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On marketplace sites like eBay, Amazon and Google Shopping, it is essential that category matching for products be done correctly. Categories help buyers find your products for purchase from among the hundreds of thousands of products offered by vendors in that marketplace.
Errors in category matching will result in your product listings becoming invisible to shoppers, so it’s really important to get these details right and to know the rules for category matching among the major marketplaces. Here we’ll go over the basic rules.
Categories on eBay
How to add categories on eBay:
When you start listing your item, you’ll find that they prepopulate the category with suggestions based on your title.
Sometimes eBay changes the category on you if your selection doesn’t match the item listed. If you find you disagree with their suggestions, you can browse around or search for alternative titles.
Where it happens that you used a category before in a previous listing, you will be able to select it again as either your main or secondary category. If you have an eBay Store, you can use both the main store category and a secondary store category for free.
See eBay’s help center for more detail on category matching.
Categories on Amazon
Category approval is required in most instances.
For some categories, you must secure specific permissions from Amazon. And in certain categories, only sellers with a Professional Selling Plan subscription can use them.
There are more than 20 open categories on Amazon; these are ones that don’t need specific permission from Amazon. There are some categories where only new products can be listed. Other categories require that you follow additional guidelines.
You can find more details on Amazon categories here.
Categories on Google Shopping
There are over 6,000 categories used by Google to classify products. These affect how a product will surface in searches because Google needs categories to help it match a given query.
Almost all e-merchants feature product categories in their online stores. But whether they match Google’s taxonomy is a different, critical question. If it is a unique product type you will need to adapt as best you can.
But it’s important to be thorough. Be inclusive when thinking of category types. The first two to three category levels are the most critical, though. The more specific you are, the more accurate you’ll be in bidding.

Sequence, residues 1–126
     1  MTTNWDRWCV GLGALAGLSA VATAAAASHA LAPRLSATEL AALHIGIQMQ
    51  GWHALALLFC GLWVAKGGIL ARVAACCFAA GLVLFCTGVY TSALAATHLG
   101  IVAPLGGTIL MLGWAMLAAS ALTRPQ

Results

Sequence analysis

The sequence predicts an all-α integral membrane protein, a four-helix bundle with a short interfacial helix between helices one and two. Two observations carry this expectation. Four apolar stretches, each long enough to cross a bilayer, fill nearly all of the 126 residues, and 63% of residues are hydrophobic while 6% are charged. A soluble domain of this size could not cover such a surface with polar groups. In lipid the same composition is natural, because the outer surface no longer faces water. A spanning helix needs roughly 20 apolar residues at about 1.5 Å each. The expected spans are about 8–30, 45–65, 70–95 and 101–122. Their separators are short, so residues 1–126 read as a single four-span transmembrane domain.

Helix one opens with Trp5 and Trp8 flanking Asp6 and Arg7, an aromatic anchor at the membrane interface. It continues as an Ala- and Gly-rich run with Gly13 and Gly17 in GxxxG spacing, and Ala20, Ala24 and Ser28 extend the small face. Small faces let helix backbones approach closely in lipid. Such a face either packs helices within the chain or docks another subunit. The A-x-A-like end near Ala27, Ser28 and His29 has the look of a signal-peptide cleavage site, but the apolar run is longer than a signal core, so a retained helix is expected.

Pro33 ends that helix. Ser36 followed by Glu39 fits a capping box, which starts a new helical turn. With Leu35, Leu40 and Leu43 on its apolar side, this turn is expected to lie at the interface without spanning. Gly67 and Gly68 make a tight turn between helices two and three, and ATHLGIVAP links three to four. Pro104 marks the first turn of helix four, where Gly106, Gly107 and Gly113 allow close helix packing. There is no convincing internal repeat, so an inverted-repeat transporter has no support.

The entire path is required in order to make this attribute valid, and the exact Google product categories must be used. For example, the term “luggage & bags” isn’t the same as “luggage & backpacks.” Every word counts.
This is usually a manual task of populating attribute fields, and it can be a major time consumer. However, if you are using the right feed management software you can automate a lot of the tedium. (See below.)
See this Google help page for more information on product category assignments.
Category matching using Shoppingfeed
Shoppingfeed provides an automated solution for matching multiple channels and platforms at once.
There are two required elements:
- Mapping categories from your catalog to the platform
- Matching the mandatory attributes for each category
Once you’ve completed these steps, it will be fully configured and ready to submit the feed. Once the setup is active and you activate a new platform, you will be taken to a page where you can assign and match the categories with it.
This one-time setup is all you need to assure that all your categories on every platform are correctly matched.
My mission at Shoppingfeed is explaining how to leverage e-commerce platforms and SaaS technology to e-merchants who just want to run their business and make more money.
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